It’s Time You Had a Rainy Day Fund. Here’s How to Start One
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When it comes to our finances, we know all about budgeting for our monthly outgoings. Your rent or mortgage, electricity, gas, council tax, and any other bills you might have are regularly occurring and straightforward to budget for.
What about the unexpected?
We know that sometimes things go wrong, but what if we haven’t budgeted for them? A 2021 study revealed that 19% of us have savings of less than £100, while the number of people who aren’t actively saving has risen from 12% to 21% since 2019.
Why do I need a rainy day fund?
If you drive and you’ve experienced an unexpected fault, such as a tyre puncture or faulty brake pads, you’ll know that the costs can add up quickly. Unexpected expenses can crop up from many areas of our lives, so it makes sense to account for them.
A rainy day fund is smaller than an emergency fund, which is recommended for longer-term financial issues such as a job loss and should consist of three to six months of living expenses. That doesn’t mean that you can’t build up a healthy pot of cash for unexpected costs though – we recommend putting towards your rainy day fund every month.
How much money should I have in my rainy day fund?
A rainy day fund is a safety net in case of unforeseen circumstances, such as a lost or broken phone, tyre punctures on your car, or an emergency boiler repair. How much you save may depend on your personal circumstances – if you drive, it’s sensible to account for the costs of a car breakdown as well as these other common problems. If you don’t drive, you might not need to put as much away.
Having an understanding of the rough cost of these surprise incidents will give you an idea of how much to put away. Making a list of the most likely problems and working out how much they’d cost if they happened is recommended.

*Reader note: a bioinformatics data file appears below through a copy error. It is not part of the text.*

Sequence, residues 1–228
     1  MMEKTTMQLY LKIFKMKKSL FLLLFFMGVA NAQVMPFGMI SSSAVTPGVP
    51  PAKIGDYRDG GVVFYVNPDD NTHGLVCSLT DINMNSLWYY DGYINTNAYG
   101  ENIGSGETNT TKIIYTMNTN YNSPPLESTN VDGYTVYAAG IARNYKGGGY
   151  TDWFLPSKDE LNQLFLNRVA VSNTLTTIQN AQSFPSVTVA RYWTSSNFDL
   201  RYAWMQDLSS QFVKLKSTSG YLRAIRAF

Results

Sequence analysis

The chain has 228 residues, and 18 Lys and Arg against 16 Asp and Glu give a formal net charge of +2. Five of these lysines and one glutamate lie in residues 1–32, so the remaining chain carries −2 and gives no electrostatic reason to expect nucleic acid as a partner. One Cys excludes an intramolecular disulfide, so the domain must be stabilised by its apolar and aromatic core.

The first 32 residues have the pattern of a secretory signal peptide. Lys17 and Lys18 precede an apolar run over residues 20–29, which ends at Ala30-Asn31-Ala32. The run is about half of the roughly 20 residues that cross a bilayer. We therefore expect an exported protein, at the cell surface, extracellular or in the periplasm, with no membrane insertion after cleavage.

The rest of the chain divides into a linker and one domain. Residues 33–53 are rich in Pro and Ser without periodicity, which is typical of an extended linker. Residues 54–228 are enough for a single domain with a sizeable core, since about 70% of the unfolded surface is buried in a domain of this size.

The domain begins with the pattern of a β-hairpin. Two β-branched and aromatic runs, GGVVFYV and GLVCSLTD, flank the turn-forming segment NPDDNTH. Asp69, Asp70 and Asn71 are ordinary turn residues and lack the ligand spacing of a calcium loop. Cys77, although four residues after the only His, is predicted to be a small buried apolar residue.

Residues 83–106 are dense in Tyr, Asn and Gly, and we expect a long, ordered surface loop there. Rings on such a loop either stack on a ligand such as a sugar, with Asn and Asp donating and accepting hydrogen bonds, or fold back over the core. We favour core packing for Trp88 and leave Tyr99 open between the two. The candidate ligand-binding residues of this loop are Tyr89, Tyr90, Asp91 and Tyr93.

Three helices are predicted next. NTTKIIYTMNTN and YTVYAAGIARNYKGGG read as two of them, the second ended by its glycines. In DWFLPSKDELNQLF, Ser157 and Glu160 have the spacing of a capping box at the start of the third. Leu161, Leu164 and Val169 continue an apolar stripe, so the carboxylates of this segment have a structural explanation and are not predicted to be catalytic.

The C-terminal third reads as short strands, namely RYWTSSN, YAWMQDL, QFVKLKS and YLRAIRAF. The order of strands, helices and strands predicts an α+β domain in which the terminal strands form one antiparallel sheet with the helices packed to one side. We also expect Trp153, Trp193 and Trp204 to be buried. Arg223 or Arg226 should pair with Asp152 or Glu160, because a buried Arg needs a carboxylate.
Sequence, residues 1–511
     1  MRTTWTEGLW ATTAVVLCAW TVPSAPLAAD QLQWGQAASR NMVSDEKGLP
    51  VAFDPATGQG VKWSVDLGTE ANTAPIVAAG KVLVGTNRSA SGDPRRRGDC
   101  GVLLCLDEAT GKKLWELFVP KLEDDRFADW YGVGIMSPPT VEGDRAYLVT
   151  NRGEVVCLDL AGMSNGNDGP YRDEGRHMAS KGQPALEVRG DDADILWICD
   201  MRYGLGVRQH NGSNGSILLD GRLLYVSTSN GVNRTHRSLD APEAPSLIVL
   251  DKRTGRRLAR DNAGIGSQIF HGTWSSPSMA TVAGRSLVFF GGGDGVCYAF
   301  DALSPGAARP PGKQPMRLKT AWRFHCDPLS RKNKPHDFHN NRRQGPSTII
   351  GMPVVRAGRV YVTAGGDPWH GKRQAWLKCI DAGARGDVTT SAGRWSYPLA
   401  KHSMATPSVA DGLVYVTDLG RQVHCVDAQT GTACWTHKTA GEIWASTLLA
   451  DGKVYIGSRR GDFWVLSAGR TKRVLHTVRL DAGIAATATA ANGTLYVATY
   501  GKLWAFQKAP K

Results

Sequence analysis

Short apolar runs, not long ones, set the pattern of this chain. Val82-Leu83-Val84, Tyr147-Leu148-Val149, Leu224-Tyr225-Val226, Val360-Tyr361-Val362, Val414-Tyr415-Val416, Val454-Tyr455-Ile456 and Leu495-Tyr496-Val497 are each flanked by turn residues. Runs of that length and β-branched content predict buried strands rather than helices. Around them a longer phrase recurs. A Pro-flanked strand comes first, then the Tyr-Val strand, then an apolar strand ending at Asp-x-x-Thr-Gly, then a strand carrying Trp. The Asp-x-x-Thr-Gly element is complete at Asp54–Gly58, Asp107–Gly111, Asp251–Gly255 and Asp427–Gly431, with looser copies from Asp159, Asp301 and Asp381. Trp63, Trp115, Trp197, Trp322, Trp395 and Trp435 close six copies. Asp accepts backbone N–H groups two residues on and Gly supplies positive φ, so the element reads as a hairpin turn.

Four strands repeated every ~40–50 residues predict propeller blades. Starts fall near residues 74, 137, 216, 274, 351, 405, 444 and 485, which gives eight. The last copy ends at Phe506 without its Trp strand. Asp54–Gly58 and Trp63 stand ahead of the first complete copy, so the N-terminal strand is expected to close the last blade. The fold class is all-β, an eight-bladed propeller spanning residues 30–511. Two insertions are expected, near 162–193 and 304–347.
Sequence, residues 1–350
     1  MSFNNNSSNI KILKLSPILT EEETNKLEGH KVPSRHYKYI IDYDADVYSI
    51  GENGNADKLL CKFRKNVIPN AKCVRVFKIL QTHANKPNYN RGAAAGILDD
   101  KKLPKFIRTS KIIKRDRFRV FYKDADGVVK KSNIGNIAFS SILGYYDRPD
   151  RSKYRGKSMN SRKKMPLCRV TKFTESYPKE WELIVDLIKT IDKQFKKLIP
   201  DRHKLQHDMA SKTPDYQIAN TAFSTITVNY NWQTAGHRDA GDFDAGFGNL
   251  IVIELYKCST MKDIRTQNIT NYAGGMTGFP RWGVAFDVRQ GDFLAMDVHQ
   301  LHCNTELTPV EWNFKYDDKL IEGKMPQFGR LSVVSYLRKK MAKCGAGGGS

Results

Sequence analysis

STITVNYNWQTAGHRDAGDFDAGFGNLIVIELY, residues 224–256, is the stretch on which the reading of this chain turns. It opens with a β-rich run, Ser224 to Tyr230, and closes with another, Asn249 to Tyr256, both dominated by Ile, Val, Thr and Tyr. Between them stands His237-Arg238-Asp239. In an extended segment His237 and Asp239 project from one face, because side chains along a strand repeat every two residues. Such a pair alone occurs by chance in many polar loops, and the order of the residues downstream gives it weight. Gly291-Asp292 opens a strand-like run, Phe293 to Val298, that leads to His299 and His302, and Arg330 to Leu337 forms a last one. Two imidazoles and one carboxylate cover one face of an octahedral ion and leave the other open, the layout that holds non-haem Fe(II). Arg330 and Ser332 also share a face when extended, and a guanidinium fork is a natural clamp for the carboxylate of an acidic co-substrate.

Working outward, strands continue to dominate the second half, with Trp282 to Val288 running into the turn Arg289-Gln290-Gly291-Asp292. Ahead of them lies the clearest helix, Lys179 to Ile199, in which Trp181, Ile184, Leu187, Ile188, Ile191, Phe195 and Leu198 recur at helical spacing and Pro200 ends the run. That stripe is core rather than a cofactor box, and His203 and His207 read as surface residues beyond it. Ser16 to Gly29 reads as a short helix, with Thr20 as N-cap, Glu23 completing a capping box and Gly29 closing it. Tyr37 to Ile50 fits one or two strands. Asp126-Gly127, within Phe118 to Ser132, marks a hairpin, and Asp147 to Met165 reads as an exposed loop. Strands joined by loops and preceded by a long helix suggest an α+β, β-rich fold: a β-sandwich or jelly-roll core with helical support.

For example, gas boiler repairs cost between £150 and £400 on average, so putting away a minimum of £150 will help you cover that cost. If you break your phone screen and you don’t have insurance, you could be looking at a bill of up to £316.44 for the latest iPhone models.
How can I start up my rainy day fund?
Now that you understand the importance of a rainy day fund, let’s look at how you can put one together. Many people find the idea of starting to save overwhelming, especially if you don’t have a lot of money left at the end of the month after your expenses.
If you already have a structured budget and you’re aware of your monthly outgoings, you’ll know how much disposable income is left at the end of the month. This is a good place to start – so if you have £300 a month left over, you might want to put half of that into your rainy day fund, or even £100 a month.
By working out how much you can afford each month, you’ll be able to work out how long it will take to reach your rainy day fund goal. If you’ve worked out that you’d need £1,000 to cover a broken boiler, a smashed phone screen, and car faults, and you put £100 away each month, you’ll hit that target in 10 months. But once you’ve reached that goal, you don’t have to stop contributing – if you can afford to, keep adding to your rainy day fund! You might even be able to finance something that you want, like a new car or a holiday, rather than only accounting for the unexpected.
What if I can’t afford to contribute that much?
For many of us, £100 a month isn’t realistic. In fact, even £25 a month might feel like too much, and that’s okay. There are solutions available to people who find it difficult to put lump sums away, such as apps that round up your spending to the nearest pound, putting that extra money into a savings fund.
Reviewing your current bills to see if there are any savings you can make is also a good idea – especially if there’s no wiggle room in your budget at all. By using price comparison sites, you could get cheaper bills on your gas, electricity, phone, broadband, and more.
It’s unlikely that you’ll have the best deal for all of your monthly outgoings, so this could save you a decent amount of money that you could then put into savings. Searching for better deals on your energy supplies alone could save you up to £350 a year. That’s a lot of money you could be putting into your rainy day fund.
Life contains a lot of unexpected twists and turns, and many of them come in the form of important but unforeseen expenses. There’s an adage that these things always happen at the worst time, and if you don’t have a rainy day fund, they could hit your finances hard. The amount of money in your rainy day fund will depend on your personal circumstances, but if you don’t already have one, now is the time to start saving.